The media loves sensational tech stories. Remember that one where young people were growing “horns” on their skulls because of their phones? That seems plausible, right? Except that it was based on a faulty study, which essentially renders it as fake.
This is just one example of the many articles that warn us of the latest shocking discoveries about the dangers of technology. In reality, our fixation on bad news makes us overlook the fact that we need more evidence-based research before declaring phones a health hazard. As Oxford professors put it, “The debate over digital technology and young people needs less shock and more substance”.
However, we can’t ignore the extent of technology use in our lives. According to the Pew Research Center, “Fully 95% of teens have access to a smartphone, and 45% say they are online ‘almost constantly’”. This type of data can help educators, parents, or policy makers better understand how students interact with technology, particularly how to create a healthy relationship with it.
By this time you might be wondering: what does a healthy relationship with technology look like? What is digital wellness? There are many good definitions out there, but my favorite comes from Jisc, a UK-based not-for-profit company:
The capacity to look after personal health, safety, relationships and work-life balance in digital settings; to use digital tools in pursuit of personal goals (eg health and fitness) and to participate in social and community activities; to act safely and responsibly in digital environments; to negotiate and resolve conflict; to manage digital workload, overload and distraction; to act with concern for the human and natural environment when using digital tools.
Why we need digital wellness in schools
I strongly believe that we need more research on this matter. Nevertheless, if there is a potential negative impact of excessive screen time, educators can find ways to manage it. For example, teachers should be aware of how to create a balance between using devices in the classroom and engaging in offline activities.
The most obvious problems come in the form of eye strain or issues associated with sitting for too long. The American Academy of Pediatrics (AAP) recommends a maximum of two hours of sedentary screen time per day.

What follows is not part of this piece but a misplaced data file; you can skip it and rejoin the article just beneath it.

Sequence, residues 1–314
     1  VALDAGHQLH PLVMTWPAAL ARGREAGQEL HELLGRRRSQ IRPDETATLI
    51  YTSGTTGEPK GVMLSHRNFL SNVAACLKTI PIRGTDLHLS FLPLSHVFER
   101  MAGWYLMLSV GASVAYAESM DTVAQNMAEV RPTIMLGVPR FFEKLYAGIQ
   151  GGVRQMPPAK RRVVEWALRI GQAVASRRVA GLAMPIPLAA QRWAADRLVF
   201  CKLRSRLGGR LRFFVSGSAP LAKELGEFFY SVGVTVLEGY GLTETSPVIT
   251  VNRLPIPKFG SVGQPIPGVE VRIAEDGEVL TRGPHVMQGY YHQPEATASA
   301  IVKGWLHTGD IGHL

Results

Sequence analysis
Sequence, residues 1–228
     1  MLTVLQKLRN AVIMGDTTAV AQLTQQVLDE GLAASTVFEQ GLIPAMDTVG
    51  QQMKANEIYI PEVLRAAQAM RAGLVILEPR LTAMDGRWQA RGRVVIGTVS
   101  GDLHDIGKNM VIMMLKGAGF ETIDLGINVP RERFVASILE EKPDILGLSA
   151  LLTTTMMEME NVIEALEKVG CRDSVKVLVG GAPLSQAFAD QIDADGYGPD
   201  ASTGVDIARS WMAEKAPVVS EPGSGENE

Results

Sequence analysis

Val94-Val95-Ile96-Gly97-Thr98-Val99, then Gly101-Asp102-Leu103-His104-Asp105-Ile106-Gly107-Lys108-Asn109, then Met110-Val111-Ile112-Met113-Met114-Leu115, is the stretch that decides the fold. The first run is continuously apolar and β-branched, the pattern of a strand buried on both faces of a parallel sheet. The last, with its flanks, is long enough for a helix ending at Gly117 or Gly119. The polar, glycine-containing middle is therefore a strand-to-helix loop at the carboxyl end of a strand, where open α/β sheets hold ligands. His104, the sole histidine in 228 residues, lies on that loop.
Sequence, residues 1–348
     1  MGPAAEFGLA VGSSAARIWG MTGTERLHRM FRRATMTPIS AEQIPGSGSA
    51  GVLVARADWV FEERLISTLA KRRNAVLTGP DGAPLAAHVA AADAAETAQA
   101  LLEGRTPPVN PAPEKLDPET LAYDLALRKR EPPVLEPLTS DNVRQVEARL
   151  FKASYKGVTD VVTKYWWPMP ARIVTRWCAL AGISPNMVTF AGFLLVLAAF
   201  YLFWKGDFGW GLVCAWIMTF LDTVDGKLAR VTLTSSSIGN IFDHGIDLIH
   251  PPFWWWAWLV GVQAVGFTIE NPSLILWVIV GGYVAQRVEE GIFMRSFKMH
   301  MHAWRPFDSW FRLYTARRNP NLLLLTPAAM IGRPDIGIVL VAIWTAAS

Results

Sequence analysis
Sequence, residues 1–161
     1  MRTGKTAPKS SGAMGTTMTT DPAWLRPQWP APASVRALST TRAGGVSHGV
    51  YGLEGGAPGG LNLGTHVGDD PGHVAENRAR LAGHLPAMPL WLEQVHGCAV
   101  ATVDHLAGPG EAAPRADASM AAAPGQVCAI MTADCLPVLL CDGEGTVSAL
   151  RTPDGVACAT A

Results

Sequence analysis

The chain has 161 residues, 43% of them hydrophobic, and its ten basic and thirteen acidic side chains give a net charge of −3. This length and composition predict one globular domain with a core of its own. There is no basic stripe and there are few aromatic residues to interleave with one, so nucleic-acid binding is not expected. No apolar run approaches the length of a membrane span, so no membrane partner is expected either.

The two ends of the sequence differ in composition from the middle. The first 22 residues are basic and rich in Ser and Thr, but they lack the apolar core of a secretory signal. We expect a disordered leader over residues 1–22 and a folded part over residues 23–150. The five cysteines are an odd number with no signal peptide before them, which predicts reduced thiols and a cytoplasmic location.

It appears that a lot of screen time is associated with poorer sleep quality and possibly a lower performance at school as a result. At the same time, social media platforms can have a good or bad impact on mental health depending on how they are used. Cyberbullying is a major issue that needs swift intervention.
Other issues that are related to this category are a lack of online safety and low digital literacy skills. While they might be using edtech safely, students might still be struggling with managing their time when interacting with technology at home.
Read more: Digital literacy vs. Computer literacy: Students need to develop both
What teachers need to know before taking on a digital wellness initiative
If you are concerned about these issues, you are not alone. Schools have already set an example by creating their own digital wellness initiatives. Hilliard City Schools in Columbus, Ohio are helping students create a balance at school and at home. Washington University is encouraging students to take control of their life online.
ISTE also has great standards for students, and Common Sense Education is helping teachers by creating a comprehensive K–12 Digital Citizenship Curriculum.
Keeping these wonderful resources in mind, here is what teachers need to know before launching their own initiatives:
Habits are not changed over night